DC’s Extended Universe has received very mixed, often venomous, criticism on both the battlegrounds of actual film critics and fans, most notably after showcasing its potential with films like 2013’s “Man of Steel” and 2017’s “Wonder Woman,” while also demonstrating how rushed and underwhelming they could be, as seen in 2016’s “Batman vs. Superman” and “Suicide Squad.” The franchise struck an interesting, complicated note with the overhandled and muddied theatrical release of “Justice League” in 2017, which exchanged direction from DC veteran Zack Snyder to Marvel’s Joss Whedon, known for his work on 2012’s “The Avengers” and 2015’s “Avengers: Age of Ultron,” after Snyder decided to step away from the film after the unexpected death of his daughter in 2017.
Whedon’s work on the film cost more than $40 million in reshoots and changed the majority of Snyder’s original material, receiving serious backlash for its significant disconnect from the DCEU and the remainder of Snyder’s work that was characterized by its grittiness, violence and dark overtones. The general consensus for the film’s theatrical release was that they were trying to fit a DC-shaped movie into a Marvel-sized hole, and that Snyder was disrespected by the footage that was scrapped, the storylines and character arcs that were disregarded and the jokes that were out of place or offensive. However, Snyder’s remastered, four-hour version of the film, which debuted on HBO Max this year, was well-received for a couple of relatively simple reasons.
A Memorable Score
One noteworthy element of Whedon’s cut of “Justice League” was its lack of music that was previously used in the franchise. This is most notable in the final fight after Superman returns from the dead, and the score utilizes elements of the original Superman theme song. Using this effect only reinforces Whedon’s lack of understanding of the films and their lack of attachment to any of the other Superman films made in the last several decades. In Snyder’s cut, the film employs a remastered and reinvigorated version of “Flight,” a centerpiece of “Man of Steel’s” soundtrack, which helps significantly in bringing the saga to a satisfying close and making it feel like the completion of Superman’s story.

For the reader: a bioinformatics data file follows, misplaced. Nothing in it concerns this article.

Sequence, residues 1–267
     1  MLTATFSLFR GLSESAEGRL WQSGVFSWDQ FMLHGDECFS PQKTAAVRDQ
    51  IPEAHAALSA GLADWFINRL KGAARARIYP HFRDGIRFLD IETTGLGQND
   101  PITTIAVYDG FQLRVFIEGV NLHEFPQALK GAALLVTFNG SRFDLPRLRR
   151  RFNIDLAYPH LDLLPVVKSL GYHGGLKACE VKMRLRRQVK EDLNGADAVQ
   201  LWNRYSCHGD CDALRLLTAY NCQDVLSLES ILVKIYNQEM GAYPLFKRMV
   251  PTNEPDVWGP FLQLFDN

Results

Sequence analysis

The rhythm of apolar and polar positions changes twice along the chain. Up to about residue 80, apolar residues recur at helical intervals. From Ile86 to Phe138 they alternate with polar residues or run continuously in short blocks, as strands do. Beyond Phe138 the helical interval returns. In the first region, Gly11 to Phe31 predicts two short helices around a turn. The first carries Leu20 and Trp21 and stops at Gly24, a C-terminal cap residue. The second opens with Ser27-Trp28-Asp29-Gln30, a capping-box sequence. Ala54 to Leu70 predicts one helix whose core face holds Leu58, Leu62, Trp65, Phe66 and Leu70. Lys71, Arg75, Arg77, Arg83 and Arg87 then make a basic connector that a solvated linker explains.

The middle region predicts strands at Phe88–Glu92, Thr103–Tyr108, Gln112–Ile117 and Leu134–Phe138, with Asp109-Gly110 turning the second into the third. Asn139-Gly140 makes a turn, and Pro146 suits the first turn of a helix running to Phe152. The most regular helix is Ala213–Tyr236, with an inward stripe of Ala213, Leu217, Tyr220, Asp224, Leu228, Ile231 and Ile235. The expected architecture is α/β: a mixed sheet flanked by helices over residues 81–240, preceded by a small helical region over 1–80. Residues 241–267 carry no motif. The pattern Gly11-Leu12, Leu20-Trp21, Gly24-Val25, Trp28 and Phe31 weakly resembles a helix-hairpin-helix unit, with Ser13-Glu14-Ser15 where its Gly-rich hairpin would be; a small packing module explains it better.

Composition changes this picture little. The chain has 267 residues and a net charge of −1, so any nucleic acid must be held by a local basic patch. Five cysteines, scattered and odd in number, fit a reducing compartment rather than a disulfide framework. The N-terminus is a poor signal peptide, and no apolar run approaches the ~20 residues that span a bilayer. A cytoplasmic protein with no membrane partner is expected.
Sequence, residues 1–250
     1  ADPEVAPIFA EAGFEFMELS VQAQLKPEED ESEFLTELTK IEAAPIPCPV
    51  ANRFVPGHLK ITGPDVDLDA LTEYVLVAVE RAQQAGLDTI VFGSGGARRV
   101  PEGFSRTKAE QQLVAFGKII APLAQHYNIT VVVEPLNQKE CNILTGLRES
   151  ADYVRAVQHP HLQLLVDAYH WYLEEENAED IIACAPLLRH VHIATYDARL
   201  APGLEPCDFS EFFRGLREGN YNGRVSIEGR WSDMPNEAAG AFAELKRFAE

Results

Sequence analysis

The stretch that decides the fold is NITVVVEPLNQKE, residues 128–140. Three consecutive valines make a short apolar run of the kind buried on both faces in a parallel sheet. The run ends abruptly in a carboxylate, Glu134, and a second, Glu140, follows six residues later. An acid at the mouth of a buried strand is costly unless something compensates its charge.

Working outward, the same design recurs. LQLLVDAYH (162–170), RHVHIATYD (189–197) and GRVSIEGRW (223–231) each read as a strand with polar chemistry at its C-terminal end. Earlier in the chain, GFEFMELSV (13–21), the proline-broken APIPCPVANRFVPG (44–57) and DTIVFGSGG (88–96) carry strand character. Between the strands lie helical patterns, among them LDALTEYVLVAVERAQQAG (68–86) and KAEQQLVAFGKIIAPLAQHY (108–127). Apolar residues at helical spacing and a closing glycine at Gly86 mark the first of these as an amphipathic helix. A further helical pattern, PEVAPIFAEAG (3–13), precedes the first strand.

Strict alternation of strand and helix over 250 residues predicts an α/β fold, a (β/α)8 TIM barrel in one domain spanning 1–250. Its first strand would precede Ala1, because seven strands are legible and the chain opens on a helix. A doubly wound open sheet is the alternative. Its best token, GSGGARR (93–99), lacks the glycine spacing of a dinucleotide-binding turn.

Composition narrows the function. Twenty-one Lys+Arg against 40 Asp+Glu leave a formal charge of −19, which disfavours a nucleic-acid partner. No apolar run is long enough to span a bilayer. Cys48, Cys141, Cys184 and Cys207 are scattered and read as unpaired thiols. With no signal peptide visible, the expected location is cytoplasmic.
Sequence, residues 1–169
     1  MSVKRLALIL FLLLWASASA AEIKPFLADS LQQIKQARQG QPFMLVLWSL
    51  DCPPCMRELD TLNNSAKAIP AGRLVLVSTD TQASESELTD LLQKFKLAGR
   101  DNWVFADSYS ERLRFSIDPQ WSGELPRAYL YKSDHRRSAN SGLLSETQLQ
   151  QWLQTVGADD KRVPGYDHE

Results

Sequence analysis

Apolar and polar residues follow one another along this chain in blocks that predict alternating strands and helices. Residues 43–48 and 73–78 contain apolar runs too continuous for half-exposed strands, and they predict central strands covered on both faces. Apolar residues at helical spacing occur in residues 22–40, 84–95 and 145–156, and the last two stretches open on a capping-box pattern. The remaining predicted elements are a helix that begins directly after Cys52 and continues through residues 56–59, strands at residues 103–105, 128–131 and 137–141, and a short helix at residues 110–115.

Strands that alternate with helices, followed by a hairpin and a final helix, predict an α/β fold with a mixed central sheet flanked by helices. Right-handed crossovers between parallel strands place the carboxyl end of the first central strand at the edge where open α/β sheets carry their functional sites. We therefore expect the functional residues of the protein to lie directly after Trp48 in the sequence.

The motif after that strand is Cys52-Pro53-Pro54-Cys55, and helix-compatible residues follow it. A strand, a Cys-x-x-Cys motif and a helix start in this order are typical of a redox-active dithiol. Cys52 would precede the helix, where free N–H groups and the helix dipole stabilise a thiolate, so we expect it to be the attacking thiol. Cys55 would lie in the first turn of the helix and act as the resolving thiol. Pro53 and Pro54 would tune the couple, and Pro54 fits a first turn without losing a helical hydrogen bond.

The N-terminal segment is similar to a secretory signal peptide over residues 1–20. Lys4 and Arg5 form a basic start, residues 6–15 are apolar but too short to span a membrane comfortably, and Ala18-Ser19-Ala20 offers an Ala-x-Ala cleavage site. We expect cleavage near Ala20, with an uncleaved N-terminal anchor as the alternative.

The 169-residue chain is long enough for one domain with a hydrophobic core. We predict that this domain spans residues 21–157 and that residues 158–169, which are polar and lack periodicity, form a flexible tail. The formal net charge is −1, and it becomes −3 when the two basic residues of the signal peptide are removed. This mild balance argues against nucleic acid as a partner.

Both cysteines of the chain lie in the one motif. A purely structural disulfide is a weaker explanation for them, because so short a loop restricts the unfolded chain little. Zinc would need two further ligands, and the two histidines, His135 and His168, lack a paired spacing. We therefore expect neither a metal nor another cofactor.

The big-bad of both versions of the film, Steppenwolf, changed significantly from 2017 to 2021, not only in appearance but in motivation. He looks significantly scarier in the latter version, having armor seemingly made of blades and a more monstrous face, and his motivation not only moved him in rankings of power but in his position as the main villain of the film. One of DC’s classic villains, Darkseid, didn’t even make an appearance in Whedon’s version of the film, but to explain without giving too many spoilers, plays a massive role in Snyder’s version and has at least ten minutes of screen time. To be fair, the film is four hours in length, but the few minutes of screen time is better than none.
Another character who gets significantly more screen time is Cyborg, whose origin story scenes were removed from Whedon’s cut of the film. Whedon refused to take advice on his treatment of the character and was reportedly abusive on set with Cyborg actor Ray Fisher, who couldn’t give all of the details but implied that Whedon could be in serious legal trouble. Snyder devotes much more time to the character, showing his life before his transformation and giving him more of an emotional stake in the narrative.
Superman’s return is another significant part of the story. In Whedon’s version, Superman returns in his traditional red-and-blue suit for the “final fight,” which is mostly just Superman punching Steppenwolf a few times and saving civilians. In Snyder’s cut, Superman’s role feels much more like a satisfying conclusion, and his return is more significant with an extended fight scene and his all-new, all-black suit.
This film’s second release pleased audiences, despite being shot for IMAX and being released to a streaming platform, and it provided die-hard fans with a sense of what could have been, had Snyder not stepped away and many of the actors not discontinued their roles. As Marvel retakes first place in the eyes of the media and fans with their Disney+ releases and eventual releases of their Phase 4 films, it’s nice to see a small victory (or a large one, considering the run-time) for fans of a different taste than the typically whimsical world that superhero movies have become.